This is a night that is full of hidden feelings. According to what the photographer said, he is quite attracted to Mars, Saturn, Venus, and Jupiter. The galactic core in the image is hidden among thousands of stars with the snowy landscape.

6. “Desert Nights” by Peter Zelinka. Alabama Hills, California, USA.

I never miss stopping by the Alabama hills whenever I travel through California. This is the snow-capped Sierra Mountains, an iconic location in the USA with dusty roads and unique rock formations.

I had a chance to spend a few nights camping beneath the night stars and suddenly found this perfect arch in the sky when I wandered through the bushes to find out the shining Milky Way.

7. “Alone & Together in the Stardust” by Marco Carotenuto. The Sahara desert.

How about spending the night in the heart of a desert? It is an experience that is indescribable using words or pictures. How would it be without electricity, without water, without civilians, and a cellular network? You will feel the real meaning of humanity while forgetting about the daily routines in life.

8. “Heavenly Throne” by Ryan Smith. Southwest USA.

I took this picture with the Canon EOS Ra; It's a mirrorless astrophotography camera that has a built-in infrared-cutting filter (positioned immediately in front of the CMOS imaging sensor). This camera permits approximately 4x as much transmission of hydrogen-alpha rays vs. standard digital cameras. It helped me a lot to have a descriptive image of the Milky Way that could make a change in the ordinary field of astrophotography.

9. “Double Arch” by Pablo Ruiz García. Picos de Europa, Spain.

This rock shaped like an arch is located in the “La Hermida” gorge, in the Picos de Europa mountain range in Spain.

Although I started with the intention of capturing the galactic core, it gradually changed to shoot a couple of overlapped arches at that time of the year (late spring). The Milky Way was not that high when I caught this on my camera.

10. “Elemental” by Miles Morgan. Kilauea Volcano, Hawaii, USA.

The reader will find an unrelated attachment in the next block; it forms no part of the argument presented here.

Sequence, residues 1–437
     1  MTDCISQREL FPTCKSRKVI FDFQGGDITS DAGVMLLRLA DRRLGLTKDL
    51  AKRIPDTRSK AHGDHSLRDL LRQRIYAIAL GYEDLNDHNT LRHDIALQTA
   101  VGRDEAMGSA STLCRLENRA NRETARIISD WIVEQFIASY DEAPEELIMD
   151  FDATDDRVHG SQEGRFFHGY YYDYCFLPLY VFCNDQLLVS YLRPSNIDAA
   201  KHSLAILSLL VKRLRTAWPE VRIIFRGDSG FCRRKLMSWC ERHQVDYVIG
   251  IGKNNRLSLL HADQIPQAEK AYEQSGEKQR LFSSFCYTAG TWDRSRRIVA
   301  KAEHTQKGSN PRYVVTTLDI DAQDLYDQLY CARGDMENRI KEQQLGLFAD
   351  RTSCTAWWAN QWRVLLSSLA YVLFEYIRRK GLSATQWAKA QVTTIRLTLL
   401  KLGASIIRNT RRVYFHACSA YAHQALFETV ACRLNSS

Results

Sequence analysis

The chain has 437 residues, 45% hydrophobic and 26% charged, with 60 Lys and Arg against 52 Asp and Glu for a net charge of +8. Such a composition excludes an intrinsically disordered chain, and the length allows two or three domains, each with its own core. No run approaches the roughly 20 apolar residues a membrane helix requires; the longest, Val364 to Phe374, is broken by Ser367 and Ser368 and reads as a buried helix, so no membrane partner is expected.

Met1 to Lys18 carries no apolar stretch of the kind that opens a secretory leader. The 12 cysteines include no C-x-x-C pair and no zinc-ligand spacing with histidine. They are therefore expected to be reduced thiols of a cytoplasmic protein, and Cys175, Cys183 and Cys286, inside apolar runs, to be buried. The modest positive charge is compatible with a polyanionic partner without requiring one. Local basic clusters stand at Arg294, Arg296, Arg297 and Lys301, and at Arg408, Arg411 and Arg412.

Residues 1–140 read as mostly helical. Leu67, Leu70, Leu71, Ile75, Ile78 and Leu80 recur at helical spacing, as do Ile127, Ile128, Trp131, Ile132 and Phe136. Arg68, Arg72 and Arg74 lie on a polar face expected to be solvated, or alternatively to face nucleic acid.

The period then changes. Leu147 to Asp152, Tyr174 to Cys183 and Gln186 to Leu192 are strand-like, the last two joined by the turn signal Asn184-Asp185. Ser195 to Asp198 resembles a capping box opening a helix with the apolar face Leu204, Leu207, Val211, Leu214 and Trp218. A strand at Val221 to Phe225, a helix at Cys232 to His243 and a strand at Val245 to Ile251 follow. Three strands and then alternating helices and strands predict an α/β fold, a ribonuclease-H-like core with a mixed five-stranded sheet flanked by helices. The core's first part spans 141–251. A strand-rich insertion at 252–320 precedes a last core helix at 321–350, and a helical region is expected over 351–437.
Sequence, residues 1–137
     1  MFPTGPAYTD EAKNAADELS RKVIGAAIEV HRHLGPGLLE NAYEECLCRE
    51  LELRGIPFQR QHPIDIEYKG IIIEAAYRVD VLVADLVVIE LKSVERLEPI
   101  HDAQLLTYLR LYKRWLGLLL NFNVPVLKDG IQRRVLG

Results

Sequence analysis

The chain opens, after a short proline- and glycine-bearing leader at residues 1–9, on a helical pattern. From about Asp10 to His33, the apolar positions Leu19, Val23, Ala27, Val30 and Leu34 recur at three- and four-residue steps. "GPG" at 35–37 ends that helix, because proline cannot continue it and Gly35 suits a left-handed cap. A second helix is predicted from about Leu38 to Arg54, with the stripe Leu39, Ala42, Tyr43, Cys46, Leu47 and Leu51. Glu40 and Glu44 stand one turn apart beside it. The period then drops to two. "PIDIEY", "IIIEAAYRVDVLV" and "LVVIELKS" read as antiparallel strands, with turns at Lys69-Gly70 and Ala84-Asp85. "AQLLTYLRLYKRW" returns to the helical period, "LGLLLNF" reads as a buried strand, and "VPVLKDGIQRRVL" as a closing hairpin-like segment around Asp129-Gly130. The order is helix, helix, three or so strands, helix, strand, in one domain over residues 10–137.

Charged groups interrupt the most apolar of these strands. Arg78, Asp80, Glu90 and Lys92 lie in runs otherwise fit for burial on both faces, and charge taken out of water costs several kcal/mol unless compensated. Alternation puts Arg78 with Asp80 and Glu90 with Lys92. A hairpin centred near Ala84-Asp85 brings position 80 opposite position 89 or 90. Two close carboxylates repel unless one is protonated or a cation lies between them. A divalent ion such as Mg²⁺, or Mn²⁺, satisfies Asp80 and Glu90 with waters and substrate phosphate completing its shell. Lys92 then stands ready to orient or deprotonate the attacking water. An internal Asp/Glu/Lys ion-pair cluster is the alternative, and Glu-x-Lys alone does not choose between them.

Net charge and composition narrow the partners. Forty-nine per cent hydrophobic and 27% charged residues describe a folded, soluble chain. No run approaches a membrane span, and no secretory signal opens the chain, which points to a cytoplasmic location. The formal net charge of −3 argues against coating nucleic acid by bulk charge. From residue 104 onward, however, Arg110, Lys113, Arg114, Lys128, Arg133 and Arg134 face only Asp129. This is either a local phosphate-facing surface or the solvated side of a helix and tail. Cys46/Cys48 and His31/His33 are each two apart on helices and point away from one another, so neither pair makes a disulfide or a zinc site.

This was shot during a trip to Hawaii. On one particular evening at the island, I witnessed a hub of planetary items aligning around the plume at the Halema’uma’u crater.

However, I managed to capture the Milky Way and the lava at the same time during the night.

11. “A Night at the Caves” by Sam Sciluna. Ta Marija Cave, Malta, Italy.

I was interested in capturing the center of the Milky Way over the entrance to ‘Ta Marija’ cave for years. I was unsuccessful though I tried to capture it several times. But, it was last July when my dream came true and I managed to get a better shot of the core.

12. “Good Night Utah” by Julio Castro. Kanab, Utah, USA.

I had a personal obsession to take a photo soon after I visited this location in 2017.

I headed back to the same place in May and received this opportunity on a cloudy night with the opened-up sky just before dawn. I captured the arch of the Milky Way over the “wave” of rock that seemed to surround the two hills.

13. “Base Camp” by Giulio Cobianchi. Dolomites, Italy.

Shooting the Milky Way throughout the whole year is one of my favorites. The winter season fascinates me even more due to the combination of snow and the cooler colors of the Milky Way. But, shooting amidst all these conditions was challenging for me.

14. “Enchanted Monastery” by Ramón Morcillo. Ávila, Spain.

I had been wondering about capturing an old monastery under the Milky Way in the Spanish mountains for months. The monastery that I chose was an Augustinian convent that was founded in 1504. It is called the “Monastery of Our Lady of the Crag”. I went through a long challenging journey and ended up in a magical location where I had the chance to make my dream a reality.